In the wake of the NFL’s Ray Rice scandal – and more recent domestic violence issues – a lot of employers are asking the same question: Can we fire an employee who’s committed domestic violence?
This issue was recently tackled head on by The Washington Post, which solicited comments and advice from employment law attorneys.
The general consensus: There is no cut-and-dried “right” response.
There are a number of factors even at-will employers should first take into consideration before taking any adverse employment actions against workers embroiled in domestic violence disputes.
No. 1: Has the person been convicted?
There’s a big difference between being charged/accused and actually being convicted — and as with most background screenings, you probably want to avoid acting on the former.
What you want to focus on instead is whether or not the person has been convicted.
Without a conviction, you could open yourself up to a wrongful termination suit if you fire an employee because he or she was accused of or charged with domestic violence.
The tricky part here: Most employers don’t run thorough background checks on existing employees, and that’s most likely what you’d have to do find conviction info.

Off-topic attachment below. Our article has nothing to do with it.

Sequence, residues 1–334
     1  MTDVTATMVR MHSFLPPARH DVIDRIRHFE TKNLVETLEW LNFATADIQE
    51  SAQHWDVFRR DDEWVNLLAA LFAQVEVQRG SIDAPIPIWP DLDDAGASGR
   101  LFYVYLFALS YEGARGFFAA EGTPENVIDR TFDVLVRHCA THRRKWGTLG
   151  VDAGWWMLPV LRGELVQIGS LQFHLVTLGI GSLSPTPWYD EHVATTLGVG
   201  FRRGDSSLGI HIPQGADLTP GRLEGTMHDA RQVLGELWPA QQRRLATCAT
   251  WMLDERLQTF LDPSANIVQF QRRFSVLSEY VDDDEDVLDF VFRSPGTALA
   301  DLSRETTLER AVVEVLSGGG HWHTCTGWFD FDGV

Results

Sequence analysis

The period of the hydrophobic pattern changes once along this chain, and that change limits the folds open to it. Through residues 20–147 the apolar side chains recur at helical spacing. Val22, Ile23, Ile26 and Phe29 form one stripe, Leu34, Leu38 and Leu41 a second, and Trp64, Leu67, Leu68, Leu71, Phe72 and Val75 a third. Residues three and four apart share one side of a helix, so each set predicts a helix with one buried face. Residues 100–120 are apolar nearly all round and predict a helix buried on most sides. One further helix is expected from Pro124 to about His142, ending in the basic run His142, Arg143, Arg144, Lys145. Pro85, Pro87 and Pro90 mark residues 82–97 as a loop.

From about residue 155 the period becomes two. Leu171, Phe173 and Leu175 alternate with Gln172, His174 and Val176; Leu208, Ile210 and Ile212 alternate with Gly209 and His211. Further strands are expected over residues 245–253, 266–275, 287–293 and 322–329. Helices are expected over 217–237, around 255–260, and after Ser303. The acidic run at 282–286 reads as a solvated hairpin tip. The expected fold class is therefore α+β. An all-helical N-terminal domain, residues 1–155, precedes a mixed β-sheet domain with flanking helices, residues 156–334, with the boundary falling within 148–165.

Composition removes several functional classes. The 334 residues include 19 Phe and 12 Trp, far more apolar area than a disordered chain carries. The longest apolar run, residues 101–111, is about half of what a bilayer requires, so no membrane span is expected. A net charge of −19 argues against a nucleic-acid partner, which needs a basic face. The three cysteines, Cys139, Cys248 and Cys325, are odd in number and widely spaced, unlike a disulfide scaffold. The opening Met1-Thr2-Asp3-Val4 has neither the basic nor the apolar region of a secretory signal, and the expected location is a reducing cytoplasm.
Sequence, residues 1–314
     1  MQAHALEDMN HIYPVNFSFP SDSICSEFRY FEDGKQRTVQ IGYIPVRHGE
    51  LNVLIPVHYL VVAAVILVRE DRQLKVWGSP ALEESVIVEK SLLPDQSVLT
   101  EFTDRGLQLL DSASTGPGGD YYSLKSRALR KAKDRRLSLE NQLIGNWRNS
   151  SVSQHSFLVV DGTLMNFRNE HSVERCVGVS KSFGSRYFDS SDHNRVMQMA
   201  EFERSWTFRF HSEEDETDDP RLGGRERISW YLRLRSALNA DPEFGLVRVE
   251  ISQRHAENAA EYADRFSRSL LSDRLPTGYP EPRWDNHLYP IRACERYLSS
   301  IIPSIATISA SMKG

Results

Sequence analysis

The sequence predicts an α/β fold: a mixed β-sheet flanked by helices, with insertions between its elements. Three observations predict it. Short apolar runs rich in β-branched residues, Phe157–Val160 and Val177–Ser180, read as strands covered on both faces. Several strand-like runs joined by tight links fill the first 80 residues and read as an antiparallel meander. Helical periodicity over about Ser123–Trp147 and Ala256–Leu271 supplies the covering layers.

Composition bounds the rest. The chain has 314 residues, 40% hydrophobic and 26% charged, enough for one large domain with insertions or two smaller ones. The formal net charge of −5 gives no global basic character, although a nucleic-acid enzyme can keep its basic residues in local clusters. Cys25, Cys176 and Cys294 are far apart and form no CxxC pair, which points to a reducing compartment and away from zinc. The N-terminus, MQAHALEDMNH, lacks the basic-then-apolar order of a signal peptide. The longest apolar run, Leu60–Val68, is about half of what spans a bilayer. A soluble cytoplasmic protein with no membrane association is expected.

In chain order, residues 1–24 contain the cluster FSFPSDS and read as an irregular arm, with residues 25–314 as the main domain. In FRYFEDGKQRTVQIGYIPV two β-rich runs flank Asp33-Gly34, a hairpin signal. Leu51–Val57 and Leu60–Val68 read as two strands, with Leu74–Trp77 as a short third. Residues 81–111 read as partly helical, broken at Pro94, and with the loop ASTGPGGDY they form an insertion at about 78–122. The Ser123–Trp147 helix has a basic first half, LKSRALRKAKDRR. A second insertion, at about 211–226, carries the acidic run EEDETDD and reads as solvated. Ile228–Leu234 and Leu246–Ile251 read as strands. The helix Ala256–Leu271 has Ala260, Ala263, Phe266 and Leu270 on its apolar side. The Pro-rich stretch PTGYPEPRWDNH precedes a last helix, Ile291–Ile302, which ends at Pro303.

No. 2: Is there a workplace risk?
You could also open yourself up to a wrongful termination suit if you can’t directly tie the domestic violence incident back to a specific workplace risk, attorney Robin E. Shea, author of the Employment & Labor Insider blog, told The Post.
And that, she said, could be very difficult to do if the offender is a good performer, co-workers don’t feel at risk and the spouse doesn’t work for you.
No. 3: Is the person a public figure?
If the abuser is in the public spotlight, as a face of your company, it becomes safer to let the person go — and that’s especially true if the person is working under an agreement putting strict prohibitions on offensive behavior.
At that point, since the person’s actions are likely eroding your brand, it becomes much easier to apply the workplace risk test.
No. 4: Is the person in a leadership position?
If a person convicted of domestic violence is one of the people you’re asking employees to look up to, keeping the person in power could also erode the culture of your company, attorney Mark Terman of the law firm Drinker Biddle & Reath LLP told The Post.
That could be grounds for making the argument that the person poses a threat to your business.